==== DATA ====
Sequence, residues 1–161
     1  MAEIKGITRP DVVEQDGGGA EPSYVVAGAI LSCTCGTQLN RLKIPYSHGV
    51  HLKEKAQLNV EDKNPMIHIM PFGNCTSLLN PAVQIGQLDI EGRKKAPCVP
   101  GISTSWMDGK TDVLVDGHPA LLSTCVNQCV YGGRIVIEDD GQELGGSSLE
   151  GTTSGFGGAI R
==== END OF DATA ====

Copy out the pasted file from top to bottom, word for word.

Sequence, residues 1–161
     1  MAEIKGITRP DVVEQDGGGA EPSYVVAGAI LSCTCGTQLN RLKIPYSHGV
    51  HLKEKAQLNV EDKNPMIHIM PFGNCTSLLN PAVQIGQLDI EGRKKAPCVP
   101  GISTSWMDGK TDVLVDGHPA LLSTCVNQCV YGGRIVIEDD GQELGGSSLE
   151  GTTSGFGGAI R